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CpG methylation in exon 1 of transcription factor 4 increases with age in normal gastric mucosa and is associated with gene silencing in intestinal-type gastric cancers

Cited 26 time in Web of Science Cited 30 time in Scopus
Authors
Kim, Seung-Kyoon; Jang, Hay-Ran; Kim, Jeong-Hwan; Kim, Mirang; Noh, Seung-Moo; Song, Kyu-Sang; Kang, Gyeong Hoon; Kim, Hee Jin; Kim, Seon-Young; Yoo, Hyang-Sook; Kim, Yong Sung
Issue Date
2008-07-16
Publisher
Oxford University Press
Citation
Carcinogenesis, 29, 1623-1631
Abstract
Transcriptional factor 4 (TCF4), encoding a basic helix-loop-helix transcriptional factor, has recently been demonstrated as a causative gene for Pitt-Hopkins syndrome, a neurodevelopmental disease. Examination of gastric cancers using the restriction landmark genomic scanning technique revealed methylation at a NotI enzyme site in TCF4 intron 8 and further identified CpG dinucleotide hypermethylation in TCF4 exon 1, strongly associated with gene silencing in gastric cancer cell lines. Treatment with 5-aza-2'-deoxycytidine and/or trichostatin A restored TCF4 expression in TCF4-silenced gastric cancer cell lines. Real-time reverse transcription-polymerase chain reaction analysis of 77 paired primary gastric tumor samples revealed that 38% of analyzed tumors had a >2-fold decrease in TCF4 expression compared with adjacent normal-appearing tissue, and the decrease significantly correlated with increased CpG methylation in TCF4 exon 1. Clinicopathologic data showed that decreased TCF4 expression occurred significantly more frequently in intestinal-type (22/37, 59%) than in diffuse-type (7/37, 19%) gastric cancers (P = 0.0004) and likewise more frequently in early (12/18, 67%) than in advanced (17/59, 29%) gastric cancers (P = 0.004). CpG methylation markedly increased with patient age among normal-appearing tissues, suggesting that CpG methylation in gastric mucosa may be one of the earliest events in carcinogenesis of intestinal-type gastric cancers. Furthermore, ectopic expression of TCF4 decreased cell growth in a gastric cancer cell line, and the knock down of TCF4 using small interfering RNA increased cell migration. Based on these results, we propose that the observed frequent epigenetic-mediated TCF4 silencing plays a role in tumor formation and progression.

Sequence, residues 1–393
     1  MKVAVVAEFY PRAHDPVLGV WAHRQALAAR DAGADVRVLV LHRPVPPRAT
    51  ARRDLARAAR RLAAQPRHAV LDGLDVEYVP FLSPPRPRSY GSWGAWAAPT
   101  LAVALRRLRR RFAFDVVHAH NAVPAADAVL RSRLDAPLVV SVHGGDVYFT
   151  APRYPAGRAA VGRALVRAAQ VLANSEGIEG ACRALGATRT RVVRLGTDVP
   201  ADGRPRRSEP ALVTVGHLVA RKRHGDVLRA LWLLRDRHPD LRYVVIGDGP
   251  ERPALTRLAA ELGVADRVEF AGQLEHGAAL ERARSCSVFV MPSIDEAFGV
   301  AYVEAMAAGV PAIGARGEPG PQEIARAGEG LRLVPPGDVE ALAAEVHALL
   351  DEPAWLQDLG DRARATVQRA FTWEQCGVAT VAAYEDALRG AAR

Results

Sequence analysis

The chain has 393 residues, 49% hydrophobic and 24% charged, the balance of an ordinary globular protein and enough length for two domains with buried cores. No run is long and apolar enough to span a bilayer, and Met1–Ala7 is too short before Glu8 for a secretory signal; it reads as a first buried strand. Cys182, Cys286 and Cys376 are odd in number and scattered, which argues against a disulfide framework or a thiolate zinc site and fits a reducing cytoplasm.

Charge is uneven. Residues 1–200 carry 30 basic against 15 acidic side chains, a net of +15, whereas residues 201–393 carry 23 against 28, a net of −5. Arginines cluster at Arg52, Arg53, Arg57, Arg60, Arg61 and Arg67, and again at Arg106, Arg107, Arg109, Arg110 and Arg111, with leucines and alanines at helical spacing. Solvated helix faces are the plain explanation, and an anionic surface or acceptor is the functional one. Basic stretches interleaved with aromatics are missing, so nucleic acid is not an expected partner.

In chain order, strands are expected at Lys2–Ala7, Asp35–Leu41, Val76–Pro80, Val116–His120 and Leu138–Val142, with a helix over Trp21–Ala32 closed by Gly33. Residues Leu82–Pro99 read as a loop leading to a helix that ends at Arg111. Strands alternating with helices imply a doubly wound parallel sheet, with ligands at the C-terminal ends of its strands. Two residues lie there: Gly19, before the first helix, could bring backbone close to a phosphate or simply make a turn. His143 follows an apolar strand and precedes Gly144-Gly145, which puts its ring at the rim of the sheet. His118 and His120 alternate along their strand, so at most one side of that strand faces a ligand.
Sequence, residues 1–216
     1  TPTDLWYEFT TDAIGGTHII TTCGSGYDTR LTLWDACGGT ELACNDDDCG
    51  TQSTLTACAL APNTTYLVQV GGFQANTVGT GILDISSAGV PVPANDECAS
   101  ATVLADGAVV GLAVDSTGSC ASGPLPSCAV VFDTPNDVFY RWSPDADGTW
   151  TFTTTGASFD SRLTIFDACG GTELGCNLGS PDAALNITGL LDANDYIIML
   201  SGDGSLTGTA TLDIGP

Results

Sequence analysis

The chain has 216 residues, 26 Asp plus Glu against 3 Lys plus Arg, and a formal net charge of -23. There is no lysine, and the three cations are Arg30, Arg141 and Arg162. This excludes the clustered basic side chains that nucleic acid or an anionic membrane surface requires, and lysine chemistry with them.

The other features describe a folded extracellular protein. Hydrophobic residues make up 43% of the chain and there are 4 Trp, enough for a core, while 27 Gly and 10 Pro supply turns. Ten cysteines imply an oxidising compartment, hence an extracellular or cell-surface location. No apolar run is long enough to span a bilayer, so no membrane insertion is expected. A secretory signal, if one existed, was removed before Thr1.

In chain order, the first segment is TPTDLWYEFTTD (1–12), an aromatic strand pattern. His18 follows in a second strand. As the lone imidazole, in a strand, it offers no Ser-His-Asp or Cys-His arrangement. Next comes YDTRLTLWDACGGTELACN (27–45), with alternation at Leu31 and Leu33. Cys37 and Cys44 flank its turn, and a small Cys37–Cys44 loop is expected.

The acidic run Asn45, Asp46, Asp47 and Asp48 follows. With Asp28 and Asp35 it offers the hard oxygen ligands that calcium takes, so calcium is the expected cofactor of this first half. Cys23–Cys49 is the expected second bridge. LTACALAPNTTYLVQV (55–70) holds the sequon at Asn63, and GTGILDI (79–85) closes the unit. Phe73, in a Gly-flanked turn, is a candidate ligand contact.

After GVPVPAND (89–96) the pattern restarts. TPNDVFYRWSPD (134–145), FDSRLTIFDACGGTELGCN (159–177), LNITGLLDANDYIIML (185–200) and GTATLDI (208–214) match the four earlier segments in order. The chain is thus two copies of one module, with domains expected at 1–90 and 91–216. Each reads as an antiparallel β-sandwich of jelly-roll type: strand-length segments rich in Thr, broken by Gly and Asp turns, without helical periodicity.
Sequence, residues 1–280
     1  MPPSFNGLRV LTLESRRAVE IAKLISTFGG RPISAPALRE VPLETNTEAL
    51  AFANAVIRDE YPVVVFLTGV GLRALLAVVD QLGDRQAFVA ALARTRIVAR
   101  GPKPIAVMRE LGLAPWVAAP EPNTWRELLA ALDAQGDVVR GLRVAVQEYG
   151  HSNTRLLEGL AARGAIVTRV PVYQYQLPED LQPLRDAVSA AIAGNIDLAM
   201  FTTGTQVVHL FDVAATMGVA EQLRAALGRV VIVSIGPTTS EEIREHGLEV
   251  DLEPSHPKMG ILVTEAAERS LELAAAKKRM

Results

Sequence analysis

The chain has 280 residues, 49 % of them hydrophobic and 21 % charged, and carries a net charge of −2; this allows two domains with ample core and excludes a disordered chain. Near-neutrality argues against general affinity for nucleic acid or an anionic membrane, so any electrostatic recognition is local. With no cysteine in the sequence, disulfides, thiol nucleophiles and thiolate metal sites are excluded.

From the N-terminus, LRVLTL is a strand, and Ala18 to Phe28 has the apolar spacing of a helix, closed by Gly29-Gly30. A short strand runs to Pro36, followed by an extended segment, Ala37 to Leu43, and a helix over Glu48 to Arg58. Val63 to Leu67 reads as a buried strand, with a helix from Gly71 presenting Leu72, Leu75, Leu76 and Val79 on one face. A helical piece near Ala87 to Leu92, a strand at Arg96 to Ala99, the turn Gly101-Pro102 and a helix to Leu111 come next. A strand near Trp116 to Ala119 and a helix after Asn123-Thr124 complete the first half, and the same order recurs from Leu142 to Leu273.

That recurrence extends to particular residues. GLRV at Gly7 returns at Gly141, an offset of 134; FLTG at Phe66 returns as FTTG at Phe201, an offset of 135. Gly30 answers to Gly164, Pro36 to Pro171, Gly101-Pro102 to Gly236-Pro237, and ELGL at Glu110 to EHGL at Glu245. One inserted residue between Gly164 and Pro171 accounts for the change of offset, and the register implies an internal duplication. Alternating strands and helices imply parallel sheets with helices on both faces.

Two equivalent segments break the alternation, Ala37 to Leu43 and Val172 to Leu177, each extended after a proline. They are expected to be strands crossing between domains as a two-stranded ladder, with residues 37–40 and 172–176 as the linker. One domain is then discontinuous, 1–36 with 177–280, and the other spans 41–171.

ISSN
0143-3334 (print)
1460-2180 (online)
Language
English
URI
http://hdl.handle.net/10371/4420
DOI
https://doi.org/10.1093/carcin/bgn110

https://doi.org/10.1093/carcin/bgn110
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College of Medicine/School of Medicine (의과대학/대학원)Pathology (병리학전공)Journal Papers (저널논문_병리학전공)
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